The Mysteries of London

Don’t we always think of London as mysterious?

Who understands it? Who grasps it? Who sees it?

Isn’t the archetypal vision of London one obscured by a fog that prevents us from seeing clearly? It’s the Victorian London of Sherlock Holmes and other period dramas where buildings are misty and human bodies are obscured by the capacious swaddlings of coats and mufflers, bustles and crinolines, cloaks – and daggers.

Yet we insistently ask the London Eye – and soon the Shard – to give us a clearer picture. For didn’t the Eye immediately become one of London’s most visited attractions? In its first 8 years, it received 30 million visitors – the equivalent of half the population of the UK. Unable to make sense of the city on the ground, we want to rise above it to see the patterns the streets make, perhaps, or to bring back and share memories – “Oh, look! We went there last week!” – so we can integrate the city into our own life stories, or to stare at the hills beyond the city and so contextualise it in the landscape. In all cases we want to make London somehow manageable. But then the wheel descends and we emerge again into the hurly-burly of the street and riverside. Again we are plunged into a chaos of sense impressions that often seem to make no sense to us.

It seems we like technology to help us understand the city. Perhaps we need it. Perhaps we cannot comprehend the city with our bodies alone; we need technological prostheses.

Perhaps only cyborgs can grasp the city.

That’s not to say we can’t understand the city through our bodies — just not the city as an entity, as a whole, as a city. Of course we can understand some human interactions in the city; we can feel the unevenness of the pavement under our feet and with our hands the stone of the cattle trough in Clerkenwell Green, the gravestones in St James’s Church, the metal railings of Smithfield; we can smell the dampness of the Thames, the traffic pollution of Piccadilly, the roses of domestic and public gardens; we can see and admire the triumph of reason and engineering in the cupolas of the Royal Naval College and St Paul’s, and observe how the imposition of classical balance and authoritative order of the Bank of England is undercut by the visual chaos around it – an impotent and frosty father whose children are out of control.

The Bank of England

But these are only parts of the whole. We know we cannot generalise from these parts. Unlike in the ideal cities of the renaissance, or the feng-shui’d cities of China and Japan, or Roman new cities like Londinium, with their planned straight streets and systematised reasons why palaces are here, temples there and workshops elsewhere, we cannot predict what is going to come next in London. Metonymy – taking the part for the whole – may work well as a predictive tool in rationally planned cities (if we meet X, then we know Y and Z will follow) but it doesn’t work in cities like London . It’s too layered, too determined by palimpsests, too mired in history. If we meet X, K or M or L may follow — or even something outside the system altogether (e.g. のぞみ – “nozomi” – Japanese for “wish” or “hope”) .

Parts of the city cannot be taken as predictive metonyms, but as metaphors, standing for something else. The classical facade stands for controlling reason, the irregular space before it and the pigeons for unpredictability and fighting chance. The parts of London our bodies encounter need interpretation.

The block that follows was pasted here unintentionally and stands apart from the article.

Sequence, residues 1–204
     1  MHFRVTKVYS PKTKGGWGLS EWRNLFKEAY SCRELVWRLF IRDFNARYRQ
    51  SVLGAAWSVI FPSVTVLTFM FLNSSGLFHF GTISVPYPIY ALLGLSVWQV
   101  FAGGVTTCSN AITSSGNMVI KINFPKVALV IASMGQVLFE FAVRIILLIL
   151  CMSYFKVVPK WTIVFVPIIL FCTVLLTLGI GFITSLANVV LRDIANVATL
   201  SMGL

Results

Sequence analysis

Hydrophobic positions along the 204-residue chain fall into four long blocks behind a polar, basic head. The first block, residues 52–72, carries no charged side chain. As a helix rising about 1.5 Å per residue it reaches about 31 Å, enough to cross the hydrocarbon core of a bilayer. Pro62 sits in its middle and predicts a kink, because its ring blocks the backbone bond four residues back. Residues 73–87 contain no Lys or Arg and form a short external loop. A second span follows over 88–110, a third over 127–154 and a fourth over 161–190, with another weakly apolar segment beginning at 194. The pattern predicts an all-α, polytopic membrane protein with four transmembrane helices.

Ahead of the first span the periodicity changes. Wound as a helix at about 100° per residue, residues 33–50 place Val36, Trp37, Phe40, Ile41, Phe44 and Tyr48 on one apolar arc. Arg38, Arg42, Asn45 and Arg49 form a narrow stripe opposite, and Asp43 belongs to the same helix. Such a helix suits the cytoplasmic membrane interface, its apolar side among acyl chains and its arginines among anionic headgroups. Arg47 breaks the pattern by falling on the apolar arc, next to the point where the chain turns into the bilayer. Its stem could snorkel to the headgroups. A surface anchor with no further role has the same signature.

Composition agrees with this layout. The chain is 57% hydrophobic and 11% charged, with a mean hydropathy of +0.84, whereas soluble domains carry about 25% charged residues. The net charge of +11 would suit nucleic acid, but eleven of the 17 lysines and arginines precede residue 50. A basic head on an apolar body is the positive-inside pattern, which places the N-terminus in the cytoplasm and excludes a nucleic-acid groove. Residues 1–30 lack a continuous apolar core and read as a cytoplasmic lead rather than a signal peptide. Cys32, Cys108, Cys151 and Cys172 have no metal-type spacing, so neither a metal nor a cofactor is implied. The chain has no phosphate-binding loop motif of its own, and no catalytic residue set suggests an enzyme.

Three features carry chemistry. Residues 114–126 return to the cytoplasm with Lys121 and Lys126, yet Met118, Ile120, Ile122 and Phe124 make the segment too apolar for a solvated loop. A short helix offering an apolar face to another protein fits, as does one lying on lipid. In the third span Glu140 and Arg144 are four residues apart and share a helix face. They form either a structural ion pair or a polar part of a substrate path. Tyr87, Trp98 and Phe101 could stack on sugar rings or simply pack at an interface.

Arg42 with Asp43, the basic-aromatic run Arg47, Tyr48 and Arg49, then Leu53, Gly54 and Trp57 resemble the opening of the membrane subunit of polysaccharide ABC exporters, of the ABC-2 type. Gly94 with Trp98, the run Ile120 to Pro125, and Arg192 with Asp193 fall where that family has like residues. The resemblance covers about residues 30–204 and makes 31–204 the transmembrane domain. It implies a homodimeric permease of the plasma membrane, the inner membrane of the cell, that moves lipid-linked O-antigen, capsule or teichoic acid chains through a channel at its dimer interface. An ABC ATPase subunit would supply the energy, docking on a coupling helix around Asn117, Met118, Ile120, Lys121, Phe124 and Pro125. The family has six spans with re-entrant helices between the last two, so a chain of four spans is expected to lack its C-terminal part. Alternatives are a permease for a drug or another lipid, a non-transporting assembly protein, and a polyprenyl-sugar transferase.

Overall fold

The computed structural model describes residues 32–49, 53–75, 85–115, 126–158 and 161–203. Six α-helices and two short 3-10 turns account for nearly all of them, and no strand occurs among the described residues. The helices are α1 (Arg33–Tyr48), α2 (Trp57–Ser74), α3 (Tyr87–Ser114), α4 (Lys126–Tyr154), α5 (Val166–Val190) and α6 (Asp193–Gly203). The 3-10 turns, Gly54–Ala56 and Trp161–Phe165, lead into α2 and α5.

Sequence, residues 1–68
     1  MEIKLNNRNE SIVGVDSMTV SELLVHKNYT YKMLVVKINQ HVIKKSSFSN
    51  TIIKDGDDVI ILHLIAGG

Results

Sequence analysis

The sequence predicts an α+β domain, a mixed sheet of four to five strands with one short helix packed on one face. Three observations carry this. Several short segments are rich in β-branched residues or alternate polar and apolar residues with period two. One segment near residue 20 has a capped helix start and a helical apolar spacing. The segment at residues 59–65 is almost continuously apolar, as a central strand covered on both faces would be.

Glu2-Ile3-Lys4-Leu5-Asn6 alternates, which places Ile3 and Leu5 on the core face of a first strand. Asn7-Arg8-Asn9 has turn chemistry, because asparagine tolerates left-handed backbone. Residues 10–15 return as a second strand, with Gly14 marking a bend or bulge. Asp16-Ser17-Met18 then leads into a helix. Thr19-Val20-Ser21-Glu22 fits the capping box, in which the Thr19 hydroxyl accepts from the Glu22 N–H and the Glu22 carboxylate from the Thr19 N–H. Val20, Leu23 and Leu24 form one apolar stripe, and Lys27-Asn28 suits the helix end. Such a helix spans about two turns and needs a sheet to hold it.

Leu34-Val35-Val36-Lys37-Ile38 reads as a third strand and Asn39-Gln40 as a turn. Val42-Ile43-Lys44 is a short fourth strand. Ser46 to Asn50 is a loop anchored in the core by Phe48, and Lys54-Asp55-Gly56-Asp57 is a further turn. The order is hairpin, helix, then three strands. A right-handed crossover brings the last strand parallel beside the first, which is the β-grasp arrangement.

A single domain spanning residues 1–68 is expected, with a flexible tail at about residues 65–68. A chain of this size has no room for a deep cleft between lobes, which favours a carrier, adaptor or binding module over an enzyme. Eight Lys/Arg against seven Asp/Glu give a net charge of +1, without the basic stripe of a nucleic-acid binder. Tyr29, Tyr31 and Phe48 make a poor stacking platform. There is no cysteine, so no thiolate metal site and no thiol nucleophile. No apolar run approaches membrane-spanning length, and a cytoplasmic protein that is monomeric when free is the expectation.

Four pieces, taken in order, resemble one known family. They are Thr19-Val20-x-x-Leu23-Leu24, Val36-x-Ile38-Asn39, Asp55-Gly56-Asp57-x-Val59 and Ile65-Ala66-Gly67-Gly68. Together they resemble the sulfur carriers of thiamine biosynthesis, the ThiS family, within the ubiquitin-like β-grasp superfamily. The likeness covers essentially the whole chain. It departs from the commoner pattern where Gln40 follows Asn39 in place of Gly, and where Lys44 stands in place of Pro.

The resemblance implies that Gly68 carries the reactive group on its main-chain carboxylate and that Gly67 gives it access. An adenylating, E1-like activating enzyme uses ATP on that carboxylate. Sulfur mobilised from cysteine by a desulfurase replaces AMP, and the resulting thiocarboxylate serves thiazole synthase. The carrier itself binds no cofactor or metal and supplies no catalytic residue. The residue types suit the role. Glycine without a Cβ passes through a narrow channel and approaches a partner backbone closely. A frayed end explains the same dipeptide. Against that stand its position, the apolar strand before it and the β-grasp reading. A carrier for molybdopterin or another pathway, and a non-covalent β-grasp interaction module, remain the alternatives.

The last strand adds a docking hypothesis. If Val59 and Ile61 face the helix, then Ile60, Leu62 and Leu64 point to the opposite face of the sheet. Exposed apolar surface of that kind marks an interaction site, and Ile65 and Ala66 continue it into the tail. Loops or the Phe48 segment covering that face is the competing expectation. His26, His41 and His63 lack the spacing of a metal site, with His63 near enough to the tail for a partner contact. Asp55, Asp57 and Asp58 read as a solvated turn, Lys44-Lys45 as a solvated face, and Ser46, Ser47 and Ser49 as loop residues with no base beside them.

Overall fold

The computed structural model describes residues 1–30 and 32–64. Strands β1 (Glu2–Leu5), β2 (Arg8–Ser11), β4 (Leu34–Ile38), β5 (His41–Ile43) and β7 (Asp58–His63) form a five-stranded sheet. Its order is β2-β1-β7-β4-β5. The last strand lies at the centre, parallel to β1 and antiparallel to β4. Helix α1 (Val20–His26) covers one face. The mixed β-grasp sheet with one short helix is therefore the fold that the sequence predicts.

But who decides what that interpretation is? Can we give any meaning to any part? Who decides that “the classical facade stands for controlling reason”? What authority do they have to claim that? What methods did they use to make that interpretation? What methods can we use to determine the meaning of the parts of London we encounter? Can we really interpret the part of the city we experience with our bodies without technology, with our bodies and minds alone? Does the city tell us that our bodies are not enough, that we need other people and the props of technology to help us come to terms with it, arrive at a way to describe it, give it a terminology, understand it?

Surely this question and its implications comprise the fundamental Mystery of London.

Published by

Andrew King

Andrew King is Professor of English Literature and Literary Studies at the University of Greenwich. He has always been interested in how and why certain texts are kept for posterity and others disappear. His first degree was in classical and medieval Latin, and he has MAs in Medieval Studies and English. He completed his PhD in English at Birkbeck, supervised by Laurel Brake. He taught for many years at Universities overseas, though immediately before he came to Greenwich in May 2012, taught at Canterbury Christ Church University. His official profile can be found at http://www2.gre.ac.uk/about/schools/humanities/about/departments/cca/staff/andrew-king.

One thought on “The Mysteries of London”

  1. This is a message for Andrew King.

    Hi Andrew
    I hope this message gets to you somehow. Your question addressed to me after my paper on Regency Soap (which I couldn’t answer at the time, being too slow-witted) has been bugging me ever since – about why LEL’s novels were structured the way they were even though they weren’t serialised. It has got me thinking about how readers consumed triple deckers. If they borrowed them from a circulating library, would they have borrowed all 3 volumes at once, or did they borrow them one at a time, thus serialising their reading pattern? If you know the answer to this, I’d be pleased to hear from you. In any case, I’ll start looking into this myself, and thus make a satisfactory final paragraph to my paper (too late, too late!!)
    Julie

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